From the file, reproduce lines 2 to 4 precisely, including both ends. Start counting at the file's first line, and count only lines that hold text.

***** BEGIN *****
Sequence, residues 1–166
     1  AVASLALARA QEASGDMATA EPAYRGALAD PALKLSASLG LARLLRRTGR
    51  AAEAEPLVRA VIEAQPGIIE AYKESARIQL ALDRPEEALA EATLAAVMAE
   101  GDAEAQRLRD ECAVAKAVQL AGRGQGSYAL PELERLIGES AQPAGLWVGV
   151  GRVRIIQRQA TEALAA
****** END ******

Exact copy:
     1  AVASLALARA QEASGDMATA EPAYRGALAD PALKLSASLG LARLLRRTGR
    51  AAEAEPLVRA VIEAQPGIIE AYKESARIQL ALDRPEEALA EATLAAVMAE
   101  GDAEAQRLRD ECAVAKAVQL AGRGQGSYAL PELERLIGES AQPAGLWVGV